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Let Them Eat Elegant

January 11, 1987

I have a few hundred comments on Ruth Reichl's article on the death of fine dining in Los Angeles ("Dinosaur Under Glass," Jan. 4).

First and foremost, elegant dining is not endangered in L.A. We never had it.

To be fair, very few cities have it; perhaps two or three places in Paris, one or two in New York. The problem is in one's definition of elegant.

For me, at $125 or more per head, "elegant has to be perfect." That precludes an owner at Le Dome saying "Don't ruin my evening" to a client seeking the seat he requested. Elegant also precludes the amateur pompous service received by the non cognoscenti at and by the haughty Michael of Michael's.

R.R. has been bemoaning the loss of Au Triangle. Right, the food is extra special. I never went back because I had waiters who last were trained at Grossinger's. Getting a pepper mill was harder than landing on the moon. At those prices, good as the food was, I should have to request very little.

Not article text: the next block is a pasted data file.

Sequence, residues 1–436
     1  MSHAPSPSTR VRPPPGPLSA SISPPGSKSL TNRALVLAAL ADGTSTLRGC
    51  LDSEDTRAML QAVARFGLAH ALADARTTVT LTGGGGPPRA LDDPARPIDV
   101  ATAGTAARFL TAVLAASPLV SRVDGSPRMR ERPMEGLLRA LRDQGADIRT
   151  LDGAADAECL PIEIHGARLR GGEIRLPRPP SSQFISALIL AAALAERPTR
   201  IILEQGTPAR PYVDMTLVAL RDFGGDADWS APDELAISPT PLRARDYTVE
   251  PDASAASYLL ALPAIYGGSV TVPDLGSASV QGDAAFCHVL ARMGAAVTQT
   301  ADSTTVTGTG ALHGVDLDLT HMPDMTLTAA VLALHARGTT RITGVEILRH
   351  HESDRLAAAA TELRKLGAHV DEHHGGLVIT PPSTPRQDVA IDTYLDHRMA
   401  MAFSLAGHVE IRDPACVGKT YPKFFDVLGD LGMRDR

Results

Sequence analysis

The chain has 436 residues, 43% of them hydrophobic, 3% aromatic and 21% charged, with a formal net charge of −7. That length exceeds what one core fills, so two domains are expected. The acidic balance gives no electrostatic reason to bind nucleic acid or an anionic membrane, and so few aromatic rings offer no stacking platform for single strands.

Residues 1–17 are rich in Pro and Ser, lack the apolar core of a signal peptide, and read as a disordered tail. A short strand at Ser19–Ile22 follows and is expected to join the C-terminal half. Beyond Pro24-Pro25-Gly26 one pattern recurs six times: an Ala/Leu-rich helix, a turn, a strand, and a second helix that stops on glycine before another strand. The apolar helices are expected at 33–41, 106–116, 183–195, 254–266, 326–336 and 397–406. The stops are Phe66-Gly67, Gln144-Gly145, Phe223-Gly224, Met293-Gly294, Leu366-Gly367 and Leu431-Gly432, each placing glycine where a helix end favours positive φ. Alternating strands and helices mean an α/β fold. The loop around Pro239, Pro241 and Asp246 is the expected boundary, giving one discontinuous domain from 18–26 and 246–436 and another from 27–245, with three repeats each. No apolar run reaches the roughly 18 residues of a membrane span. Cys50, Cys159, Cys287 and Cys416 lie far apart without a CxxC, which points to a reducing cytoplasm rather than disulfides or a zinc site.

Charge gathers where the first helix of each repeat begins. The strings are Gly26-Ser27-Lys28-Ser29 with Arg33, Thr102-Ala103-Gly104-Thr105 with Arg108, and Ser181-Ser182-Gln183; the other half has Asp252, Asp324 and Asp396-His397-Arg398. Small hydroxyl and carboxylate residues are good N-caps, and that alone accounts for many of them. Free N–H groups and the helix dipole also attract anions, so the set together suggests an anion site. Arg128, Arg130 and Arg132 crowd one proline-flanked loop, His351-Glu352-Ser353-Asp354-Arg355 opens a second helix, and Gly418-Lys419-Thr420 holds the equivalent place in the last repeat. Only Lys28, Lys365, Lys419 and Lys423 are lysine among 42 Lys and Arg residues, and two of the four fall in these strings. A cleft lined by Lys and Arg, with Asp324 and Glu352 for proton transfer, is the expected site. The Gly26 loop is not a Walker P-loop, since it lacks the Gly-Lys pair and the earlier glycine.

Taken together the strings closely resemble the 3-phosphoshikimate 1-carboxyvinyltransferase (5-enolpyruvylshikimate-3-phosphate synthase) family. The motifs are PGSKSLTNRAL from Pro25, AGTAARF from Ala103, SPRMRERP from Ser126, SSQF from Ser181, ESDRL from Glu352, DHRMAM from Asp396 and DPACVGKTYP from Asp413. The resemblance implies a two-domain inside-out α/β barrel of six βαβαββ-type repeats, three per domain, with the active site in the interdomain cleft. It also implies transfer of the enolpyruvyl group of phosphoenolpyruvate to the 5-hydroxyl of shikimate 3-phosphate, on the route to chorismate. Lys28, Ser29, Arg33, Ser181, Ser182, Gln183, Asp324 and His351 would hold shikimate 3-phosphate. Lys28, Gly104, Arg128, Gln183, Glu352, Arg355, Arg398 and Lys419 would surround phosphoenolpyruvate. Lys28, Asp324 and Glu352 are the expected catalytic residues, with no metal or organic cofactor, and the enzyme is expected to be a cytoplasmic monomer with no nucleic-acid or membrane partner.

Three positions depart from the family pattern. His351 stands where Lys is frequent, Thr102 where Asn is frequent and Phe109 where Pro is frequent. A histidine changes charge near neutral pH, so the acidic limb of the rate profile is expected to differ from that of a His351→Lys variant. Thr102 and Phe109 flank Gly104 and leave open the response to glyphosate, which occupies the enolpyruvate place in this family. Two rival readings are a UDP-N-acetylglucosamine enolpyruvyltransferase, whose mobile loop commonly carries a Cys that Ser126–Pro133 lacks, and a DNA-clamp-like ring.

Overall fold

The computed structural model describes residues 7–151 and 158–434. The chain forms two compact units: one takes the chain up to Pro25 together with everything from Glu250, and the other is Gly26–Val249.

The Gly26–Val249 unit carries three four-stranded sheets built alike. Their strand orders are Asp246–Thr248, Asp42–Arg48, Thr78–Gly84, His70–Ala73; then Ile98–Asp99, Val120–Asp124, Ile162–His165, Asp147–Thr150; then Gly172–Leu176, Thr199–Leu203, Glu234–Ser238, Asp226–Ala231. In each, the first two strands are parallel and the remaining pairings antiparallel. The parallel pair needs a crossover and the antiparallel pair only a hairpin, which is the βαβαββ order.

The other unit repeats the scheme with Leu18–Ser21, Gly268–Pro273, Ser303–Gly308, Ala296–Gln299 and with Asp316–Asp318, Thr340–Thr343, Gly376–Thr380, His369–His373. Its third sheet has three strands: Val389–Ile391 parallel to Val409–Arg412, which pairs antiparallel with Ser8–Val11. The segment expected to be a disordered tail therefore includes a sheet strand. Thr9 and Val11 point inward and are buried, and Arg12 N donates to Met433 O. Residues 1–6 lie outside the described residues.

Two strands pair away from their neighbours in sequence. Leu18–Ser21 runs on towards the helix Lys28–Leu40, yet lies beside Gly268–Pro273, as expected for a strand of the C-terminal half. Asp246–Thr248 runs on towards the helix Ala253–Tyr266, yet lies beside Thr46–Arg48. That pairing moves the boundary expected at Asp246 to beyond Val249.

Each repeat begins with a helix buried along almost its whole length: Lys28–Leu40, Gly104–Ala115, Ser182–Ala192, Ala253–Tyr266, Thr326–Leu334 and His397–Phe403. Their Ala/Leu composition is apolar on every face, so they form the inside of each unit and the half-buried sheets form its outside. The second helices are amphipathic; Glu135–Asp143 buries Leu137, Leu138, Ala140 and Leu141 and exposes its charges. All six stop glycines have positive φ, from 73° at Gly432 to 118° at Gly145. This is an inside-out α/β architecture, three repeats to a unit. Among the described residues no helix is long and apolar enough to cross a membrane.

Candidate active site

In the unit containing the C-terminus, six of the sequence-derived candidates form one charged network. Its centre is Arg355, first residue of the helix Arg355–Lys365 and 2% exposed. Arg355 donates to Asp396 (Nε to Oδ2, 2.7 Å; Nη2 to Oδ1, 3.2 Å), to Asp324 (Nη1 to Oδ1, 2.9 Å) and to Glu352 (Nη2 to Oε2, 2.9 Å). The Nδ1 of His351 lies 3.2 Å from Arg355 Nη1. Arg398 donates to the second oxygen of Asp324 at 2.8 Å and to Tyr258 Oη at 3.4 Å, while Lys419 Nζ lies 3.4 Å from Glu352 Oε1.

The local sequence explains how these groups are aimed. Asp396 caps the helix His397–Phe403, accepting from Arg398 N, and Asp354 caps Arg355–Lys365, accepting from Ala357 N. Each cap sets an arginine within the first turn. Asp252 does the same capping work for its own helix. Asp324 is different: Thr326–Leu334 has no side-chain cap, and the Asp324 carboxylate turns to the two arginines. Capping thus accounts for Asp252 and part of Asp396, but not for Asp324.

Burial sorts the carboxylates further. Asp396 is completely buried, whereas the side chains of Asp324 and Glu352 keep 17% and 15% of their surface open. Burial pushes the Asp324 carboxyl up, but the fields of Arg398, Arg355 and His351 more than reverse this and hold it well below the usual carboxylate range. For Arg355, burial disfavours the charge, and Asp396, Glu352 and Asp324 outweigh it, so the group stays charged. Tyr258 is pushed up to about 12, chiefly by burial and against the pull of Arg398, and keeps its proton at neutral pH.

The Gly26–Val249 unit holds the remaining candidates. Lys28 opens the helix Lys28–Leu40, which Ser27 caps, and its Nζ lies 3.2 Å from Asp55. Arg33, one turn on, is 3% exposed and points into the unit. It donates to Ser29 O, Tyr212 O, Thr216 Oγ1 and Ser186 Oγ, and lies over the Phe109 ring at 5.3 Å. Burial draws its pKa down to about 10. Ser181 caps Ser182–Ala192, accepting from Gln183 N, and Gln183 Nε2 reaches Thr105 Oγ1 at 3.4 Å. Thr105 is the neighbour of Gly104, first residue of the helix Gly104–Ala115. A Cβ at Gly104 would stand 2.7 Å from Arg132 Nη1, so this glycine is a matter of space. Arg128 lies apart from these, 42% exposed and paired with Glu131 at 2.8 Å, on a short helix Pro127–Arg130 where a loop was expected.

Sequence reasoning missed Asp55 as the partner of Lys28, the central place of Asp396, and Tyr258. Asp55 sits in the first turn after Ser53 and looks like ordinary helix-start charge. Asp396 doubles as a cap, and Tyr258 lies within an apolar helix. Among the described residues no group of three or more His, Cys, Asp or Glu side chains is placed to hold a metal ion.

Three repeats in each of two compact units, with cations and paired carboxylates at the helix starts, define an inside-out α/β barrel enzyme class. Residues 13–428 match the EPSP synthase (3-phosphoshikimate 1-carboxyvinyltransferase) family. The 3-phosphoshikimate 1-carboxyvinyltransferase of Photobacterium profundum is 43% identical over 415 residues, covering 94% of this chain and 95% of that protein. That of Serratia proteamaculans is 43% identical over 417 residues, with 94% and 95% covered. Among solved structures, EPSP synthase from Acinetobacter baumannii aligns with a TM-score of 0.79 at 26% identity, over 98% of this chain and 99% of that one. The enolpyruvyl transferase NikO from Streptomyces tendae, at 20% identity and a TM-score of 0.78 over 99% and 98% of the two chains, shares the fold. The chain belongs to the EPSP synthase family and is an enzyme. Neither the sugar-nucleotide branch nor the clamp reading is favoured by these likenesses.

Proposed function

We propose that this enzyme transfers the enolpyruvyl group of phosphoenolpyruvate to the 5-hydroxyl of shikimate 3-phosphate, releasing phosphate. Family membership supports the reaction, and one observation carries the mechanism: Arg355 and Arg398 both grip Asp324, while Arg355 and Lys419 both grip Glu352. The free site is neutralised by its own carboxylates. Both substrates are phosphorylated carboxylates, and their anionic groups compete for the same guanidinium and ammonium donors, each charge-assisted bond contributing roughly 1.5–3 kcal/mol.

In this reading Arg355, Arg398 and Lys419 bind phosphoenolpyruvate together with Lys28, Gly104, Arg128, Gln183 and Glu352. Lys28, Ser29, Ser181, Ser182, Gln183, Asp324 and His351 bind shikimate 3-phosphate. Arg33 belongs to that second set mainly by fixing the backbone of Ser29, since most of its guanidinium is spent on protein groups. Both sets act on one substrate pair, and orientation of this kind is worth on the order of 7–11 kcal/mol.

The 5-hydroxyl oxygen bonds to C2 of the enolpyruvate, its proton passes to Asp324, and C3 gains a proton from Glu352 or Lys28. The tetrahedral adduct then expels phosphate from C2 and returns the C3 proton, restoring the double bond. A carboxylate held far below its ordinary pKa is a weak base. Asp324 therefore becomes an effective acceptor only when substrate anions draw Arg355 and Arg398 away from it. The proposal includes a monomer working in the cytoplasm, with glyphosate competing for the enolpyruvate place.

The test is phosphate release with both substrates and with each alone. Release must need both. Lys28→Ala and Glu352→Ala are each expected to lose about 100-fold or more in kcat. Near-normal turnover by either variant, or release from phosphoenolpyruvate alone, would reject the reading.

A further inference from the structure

As far as Silvios, Chinois, the City and their ilk are concerned, who goes to dine? It's like an evening in a wind tunnel, except wind tunnels are probably less crowded.

So! If the "elegant" spots really were, they would do a lot more business. The fad spots will come and go and, except for restaurant critics, nobody will notice.

Final pedantic notes: California, as the most populous state, is bound to spend more on food than any other. I would really hate to know just how much of that $20 billion is spent at Burger King, Wendy's, etc. 'Fraid that money has little to nothing to do with "elegant dining."


Beverly Hills

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